Spotify e i podcast di rumore bianco: prima li consigliava, ora vuole farli sparire thumbnail

Spotify and white noise podcasts: before he recommended them, now he wants them to disappear

A time, to fall asleep (excluding the use of drugs) sheep were counted. Then we moved on to listening, preferably with headphones, to relaxing songs. Today more is done, and we rely on the so-called white noise, whose hypothetical relaxing virtues we will discuss later. For now, it is enough to know that these are sounds characterized by the absence of periodicity in time and by a constant amplitude over the whole frequency spectrum. We could say, in simple terms, that they are constant sounds given by the sum of all possible frequencies. Just like the white color, from which they take their name, which is the sum of all the colors present in the electromagnetic spectrum.

Today there are programs, or better yet podcastwhich they release just white noise, in order to concentrate or relax, thus preparing those who find it difficult to rest to sleep. Here: it seems that Spotify has some problems with white noise podcasts. Why?

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Spotify and white noise podcasts

It was Bloomberg who discovered, from an internal company document, that now Spotify oppose white noise podcasts, after having recommended them for a long time. We are talking, to give an idea, of a widespread phenomenon: we are talking about something like 3 million hours of consumption per day.

After all, just type “White Noise” on Spotify to see how many and which podcasts appear. Sounds of waterfalls, rains, boiling seas, etc., used to find concentration and above all to shake off daily tensions and fall asleep peacefully.

Il business del white noise (who would have thought that there was one) until recently it was highly recommended by the Spotify algorithm. And it included a large number of podcasters who, by giving up haranguing the public with monologues or interviews punctuated by various sounds (and with a huge post-production work), earned from pure and simple white noise.

Spotify now opposes white noise podcasts

Too bad the turnover of white noise podcasts it backfires on Spotify: the company (which will soon announce the increase in the cost of subscriptions) would lose about 38 million dollars a year. For this reason, again according to Bloomberg, Spotify is radically changing its mind against this type of podcast. How?

It’s not easy to answer. A spokesperson for the company reportedly told Bloomberg that Spotify initially considered removing white noise podcasts, but “that proposal hasn’t materialised. We continue to have these podcasts on our platform.” Still, several users complain about one strong reduction of these contents.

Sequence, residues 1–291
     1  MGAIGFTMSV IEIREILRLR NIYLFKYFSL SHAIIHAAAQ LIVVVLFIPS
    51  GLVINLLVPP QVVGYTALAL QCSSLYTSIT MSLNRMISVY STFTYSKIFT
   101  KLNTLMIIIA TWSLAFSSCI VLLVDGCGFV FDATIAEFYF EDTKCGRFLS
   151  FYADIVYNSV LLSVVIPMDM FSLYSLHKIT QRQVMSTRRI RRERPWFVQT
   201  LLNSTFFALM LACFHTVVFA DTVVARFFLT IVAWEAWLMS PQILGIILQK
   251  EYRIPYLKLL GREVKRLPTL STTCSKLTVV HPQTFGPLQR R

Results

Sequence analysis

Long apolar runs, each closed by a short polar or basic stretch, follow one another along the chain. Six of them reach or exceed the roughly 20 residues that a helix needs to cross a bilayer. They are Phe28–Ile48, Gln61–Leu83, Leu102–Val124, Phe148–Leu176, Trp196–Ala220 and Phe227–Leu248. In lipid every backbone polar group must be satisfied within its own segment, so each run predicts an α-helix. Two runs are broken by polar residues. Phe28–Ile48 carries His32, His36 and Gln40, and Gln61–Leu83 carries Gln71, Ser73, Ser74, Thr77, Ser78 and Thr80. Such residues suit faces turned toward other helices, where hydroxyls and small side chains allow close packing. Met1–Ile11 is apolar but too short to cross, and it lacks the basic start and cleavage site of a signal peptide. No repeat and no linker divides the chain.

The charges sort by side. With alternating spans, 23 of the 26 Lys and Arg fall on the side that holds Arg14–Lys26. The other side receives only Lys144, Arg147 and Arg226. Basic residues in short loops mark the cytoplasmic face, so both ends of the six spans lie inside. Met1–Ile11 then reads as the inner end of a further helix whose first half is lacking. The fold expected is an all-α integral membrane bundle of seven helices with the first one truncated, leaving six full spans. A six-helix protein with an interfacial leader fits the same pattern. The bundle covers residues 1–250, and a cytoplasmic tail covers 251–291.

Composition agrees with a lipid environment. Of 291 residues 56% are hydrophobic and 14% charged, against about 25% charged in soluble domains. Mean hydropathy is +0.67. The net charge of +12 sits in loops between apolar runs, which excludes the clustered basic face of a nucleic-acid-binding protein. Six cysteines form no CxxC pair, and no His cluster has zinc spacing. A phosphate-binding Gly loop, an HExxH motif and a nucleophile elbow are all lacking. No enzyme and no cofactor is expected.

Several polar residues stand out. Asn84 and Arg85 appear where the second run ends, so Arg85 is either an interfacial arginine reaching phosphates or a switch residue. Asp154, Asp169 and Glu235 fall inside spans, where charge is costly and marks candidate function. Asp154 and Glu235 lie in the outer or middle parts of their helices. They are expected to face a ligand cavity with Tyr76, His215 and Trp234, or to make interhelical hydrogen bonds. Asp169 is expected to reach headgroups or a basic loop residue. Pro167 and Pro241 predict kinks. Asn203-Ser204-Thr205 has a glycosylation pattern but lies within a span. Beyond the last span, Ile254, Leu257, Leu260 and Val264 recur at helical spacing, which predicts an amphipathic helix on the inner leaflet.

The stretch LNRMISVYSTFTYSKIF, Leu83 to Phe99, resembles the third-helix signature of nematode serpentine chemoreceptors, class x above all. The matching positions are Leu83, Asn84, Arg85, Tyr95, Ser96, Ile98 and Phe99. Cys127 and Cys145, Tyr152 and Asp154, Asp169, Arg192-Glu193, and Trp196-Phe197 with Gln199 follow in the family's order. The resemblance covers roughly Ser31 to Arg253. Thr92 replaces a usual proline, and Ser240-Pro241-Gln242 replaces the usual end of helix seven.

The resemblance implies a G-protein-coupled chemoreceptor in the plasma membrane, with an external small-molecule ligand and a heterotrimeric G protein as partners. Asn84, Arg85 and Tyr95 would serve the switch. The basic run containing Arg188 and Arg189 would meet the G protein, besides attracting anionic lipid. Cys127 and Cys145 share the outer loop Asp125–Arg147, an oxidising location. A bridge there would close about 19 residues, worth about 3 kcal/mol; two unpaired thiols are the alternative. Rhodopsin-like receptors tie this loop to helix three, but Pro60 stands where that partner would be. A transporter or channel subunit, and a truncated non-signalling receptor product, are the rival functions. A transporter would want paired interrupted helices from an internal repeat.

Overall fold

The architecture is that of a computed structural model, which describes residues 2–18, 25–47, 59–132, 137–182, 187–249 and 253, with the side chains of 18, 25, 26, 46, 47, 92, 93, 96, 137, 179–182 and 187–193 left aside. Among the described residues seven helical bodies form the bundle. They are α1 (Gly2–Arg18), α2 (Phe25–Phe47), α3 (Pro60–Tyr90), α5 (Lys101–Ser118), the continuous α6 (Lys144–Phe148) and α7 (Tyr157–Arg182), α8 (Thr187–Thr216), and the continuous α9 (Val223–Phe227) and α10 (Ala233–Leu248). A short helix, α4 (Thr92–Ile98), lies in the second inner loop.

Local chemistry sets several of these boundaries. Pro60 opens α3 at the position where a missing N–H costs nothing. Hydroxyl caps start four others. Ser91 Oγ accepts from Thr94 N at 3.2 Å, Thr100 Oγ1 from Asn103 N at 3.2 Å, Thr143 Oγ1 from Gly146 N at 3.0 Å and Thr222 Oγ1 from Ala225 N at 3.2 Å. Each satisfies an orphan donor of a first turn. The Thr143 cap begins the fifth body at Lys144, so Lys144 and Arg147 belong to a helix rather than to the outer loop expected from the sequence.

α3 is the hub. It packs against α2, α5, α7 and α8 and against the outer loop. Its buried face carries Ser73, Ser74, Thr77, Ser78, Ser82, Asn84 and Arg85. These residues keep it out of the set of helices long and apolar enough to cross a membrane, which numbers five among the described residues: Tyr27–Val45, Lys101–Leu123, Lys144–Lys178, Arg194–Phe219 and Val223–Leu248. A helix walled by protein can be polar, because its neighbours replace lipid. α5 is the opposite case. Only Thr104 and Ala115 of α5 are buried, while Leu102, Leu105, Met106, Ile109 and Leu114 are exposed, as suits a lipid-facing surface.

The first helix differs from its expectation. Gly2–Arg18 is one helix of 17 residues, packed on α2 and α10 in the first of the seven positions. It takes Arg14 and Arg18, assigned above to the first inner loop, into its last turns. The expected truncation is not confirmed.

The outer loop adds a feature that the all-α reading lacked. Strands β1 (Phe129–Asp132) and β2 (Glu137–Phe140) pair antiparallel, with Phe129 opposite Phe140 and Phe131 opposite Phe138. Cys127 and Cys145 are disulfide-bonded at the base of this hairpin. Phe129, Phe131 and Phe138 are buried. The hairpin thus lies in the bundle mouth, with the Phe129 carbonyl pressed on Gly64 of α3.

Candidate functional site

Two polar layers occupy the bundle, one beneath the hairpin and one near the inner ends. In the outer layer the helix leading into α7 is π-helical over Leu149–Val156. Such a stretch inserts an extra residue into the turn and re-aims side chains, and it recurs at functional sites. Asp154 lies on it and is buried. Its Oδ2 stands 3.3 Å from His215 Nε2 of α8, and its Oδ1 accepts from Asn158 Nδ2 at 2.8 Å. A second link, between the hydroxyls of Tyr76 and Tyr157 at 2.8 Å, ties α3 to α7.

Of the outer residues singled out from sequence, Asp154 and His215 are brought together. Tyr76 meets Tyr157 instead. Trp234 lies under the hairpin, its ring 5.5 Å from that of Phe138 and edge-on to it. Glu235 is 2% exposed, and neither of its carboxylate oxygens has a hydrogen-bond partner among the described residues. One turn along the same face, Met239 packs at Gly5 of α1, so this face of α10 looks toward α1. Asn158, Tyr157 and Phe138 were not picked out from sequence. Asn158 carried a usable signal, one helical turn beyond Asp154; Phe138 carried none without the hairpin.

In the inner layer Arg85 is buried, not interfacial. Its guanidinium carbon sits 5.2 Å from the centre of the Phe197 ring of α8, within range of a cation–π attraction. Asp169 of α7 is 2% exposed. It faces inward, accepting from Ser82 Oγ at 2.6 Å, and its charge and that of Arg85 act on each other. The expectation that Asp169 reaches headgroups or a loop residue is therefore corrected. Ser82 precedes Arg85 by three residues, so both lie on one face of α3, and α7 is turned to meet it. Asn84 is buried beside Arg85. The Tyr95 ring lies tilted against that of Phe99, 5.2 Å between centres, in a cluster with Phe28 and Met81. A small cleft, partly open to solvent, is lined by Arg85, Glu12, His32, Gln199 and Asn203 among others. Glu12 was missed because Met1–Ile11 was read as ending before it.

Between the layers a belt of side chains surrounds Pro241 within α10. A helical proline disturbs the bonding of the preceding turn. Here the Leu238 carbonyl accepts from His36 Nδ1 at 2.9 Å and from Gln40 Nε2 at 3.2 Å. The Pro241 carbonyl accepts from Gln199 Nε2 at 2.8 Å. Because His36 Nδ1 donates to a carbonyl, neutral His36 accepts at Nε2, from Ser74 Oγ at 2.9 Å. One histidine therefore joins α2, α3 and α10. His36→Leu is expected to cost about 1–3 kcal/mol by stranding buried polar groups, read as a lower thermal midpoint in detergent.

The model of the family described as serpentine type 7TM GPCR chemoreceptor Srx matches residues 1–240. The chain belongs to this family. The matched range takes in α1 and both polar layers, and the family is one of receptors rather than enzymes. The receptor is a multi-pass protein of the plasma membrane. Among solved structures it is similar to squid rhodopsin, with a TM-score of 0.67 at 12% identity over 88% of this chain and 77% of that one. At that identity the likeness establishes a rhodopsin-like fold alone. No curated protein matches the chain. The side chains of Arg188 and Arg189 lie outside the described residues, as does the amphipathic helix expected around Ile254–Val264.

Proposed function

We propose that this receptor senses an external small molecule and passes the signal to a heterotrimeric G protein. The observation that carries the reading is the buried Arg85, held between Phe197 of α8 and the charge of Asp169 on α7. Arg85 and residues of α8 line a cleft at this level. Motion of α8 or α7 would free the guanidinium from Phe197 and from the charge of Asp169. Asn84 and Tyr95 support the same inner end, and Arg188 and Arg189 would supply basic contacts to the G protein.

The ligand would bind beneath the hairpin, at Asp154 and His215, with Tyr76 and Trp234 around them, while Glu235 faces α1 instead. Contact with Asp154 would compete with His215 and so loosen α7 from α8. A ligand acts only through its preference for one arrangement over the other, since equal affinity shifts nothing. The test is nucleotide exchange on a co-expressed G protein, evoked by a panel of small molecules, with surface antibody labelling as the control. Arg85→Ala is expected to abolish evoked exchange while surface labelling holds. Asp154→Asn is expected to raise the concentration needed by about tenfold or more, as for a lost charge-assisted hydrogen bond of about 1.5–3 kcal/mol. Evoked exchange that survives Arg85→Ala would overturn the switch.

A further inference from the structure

The gain of white noise podcasters

What is certain is that, with an all in all contained effort, the creators of white noise podcasts they have their nice income. For example, if you choose an advertising-only revenue plan, they pocket $12.25 for every 1,000 listeners. And if, as Bloomberg reports, the average daily listens to the most successful white noise podcasts is about 50,000, the bill is soon done. We’re talking $612.50 a day, so $18,375 a month.

The protest of the record companies

Against the hefty profits of white noise podcasts took a stand last May record companies of the caliber of Universal Music Group e Warner Music. Who have deemed a similar salary unfair among those who offer only a little… noisecompared to international musical stars.

While one of the main reasons that would contribute to the lack of Spotify revenue it could be there average duration of this type of podcastwhich block users for a long time on a single content, despite the advertising revenue.

But does white noise really work?

At this point it is necessary to return to what was mentioned at the beginning. Does white noise work or not? The concept (simplifying a lot) is that a monotonous sound carpet can relax the listener. Also because, being the sum of all perceivable frequencies, it acts as a “sound wallpaper”, absorbing any other ambient noise sudden.

The answer is: yes, maybe, well. It is intuitive that the absence of unexpected and unpleasant noises, as well as the absence of visual stimuli, help those who want to concentrate or fall asleep. But it is equally true that there are those who sleep blissfully with the windows open in the most chaotic district of a metropolis and those who struggles to sleep even if only if he hears a faint distant noise.

Walker Ronnie is a tech writer who keeps you informed on the latest developments in the world of technology. With a keen interest in all things tech-related, Walker shares insights and updates on new gadgets, innovative advancements, and digital trends. Stay connected with Walker to stay ahead in the ever-evolving world of technology.